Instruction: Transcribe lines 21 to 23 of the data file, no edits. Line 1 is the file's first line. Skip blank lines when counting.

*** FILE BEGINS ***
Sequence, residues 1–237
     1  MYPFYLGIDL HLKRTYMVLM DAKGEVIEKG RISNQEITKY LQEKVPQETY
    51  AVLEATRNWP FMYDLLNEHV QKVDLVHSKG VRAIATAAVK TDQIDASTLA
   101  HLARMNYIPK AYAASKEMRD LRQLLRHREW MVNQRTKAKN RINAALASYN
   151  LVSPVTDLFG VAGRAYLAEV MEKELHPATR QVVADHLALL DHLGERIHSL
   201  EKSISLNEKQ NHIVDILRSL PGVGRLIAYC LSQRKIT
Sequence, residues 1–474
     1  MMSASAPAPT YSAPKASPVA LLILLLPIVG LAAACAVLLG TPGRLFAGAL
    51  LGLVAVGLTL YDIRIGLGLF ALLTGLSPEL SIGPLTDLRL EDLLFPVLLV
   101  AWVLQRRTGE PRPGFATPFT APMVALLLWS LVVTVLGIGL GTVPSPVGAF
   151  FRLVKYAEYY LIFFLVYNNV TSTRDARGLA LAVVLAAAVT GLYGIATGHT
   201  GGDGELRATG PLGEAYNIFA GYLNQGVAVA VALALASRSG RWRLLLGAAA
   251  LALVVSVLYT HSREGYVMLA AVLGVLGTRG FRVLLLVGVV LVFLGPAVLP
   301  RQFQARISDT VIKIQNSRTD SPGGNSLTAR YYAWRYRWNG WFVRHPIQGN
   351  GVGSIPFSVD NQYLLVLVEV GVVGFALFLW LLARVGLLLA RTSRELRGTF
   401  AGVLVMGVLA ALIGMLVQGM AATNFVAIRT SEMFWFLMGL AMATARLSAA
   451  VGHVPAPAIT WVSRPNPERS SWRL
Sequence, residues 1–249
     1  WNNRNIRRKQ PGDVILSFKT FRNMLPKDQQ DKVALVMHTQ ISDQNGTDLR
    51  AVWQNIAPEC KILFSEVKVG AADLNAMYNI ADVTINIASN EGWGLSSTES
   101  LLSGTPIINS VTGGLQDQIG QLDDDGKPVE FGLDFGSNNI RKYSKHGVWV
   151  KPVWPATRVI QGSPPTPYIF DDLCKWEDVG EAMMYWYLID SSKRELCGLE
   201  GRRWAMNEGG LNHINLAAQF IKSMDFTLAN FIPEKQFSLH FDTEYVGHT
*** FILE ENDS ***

   101  LLSGTPIINS VTGGLQDQIG QLDDDGKPVE FGLDFGSNNI RKYSKHGVWV
   151  KPVWPATRVI QGSPPTPYIF DDLCKWEDVG EAMMYWYLID SSKRELCGLE
   201  GRRWAMNEGG LNHINLAAQF IKSMDFTLAN FIPEKQFSLH FDTEYVGHT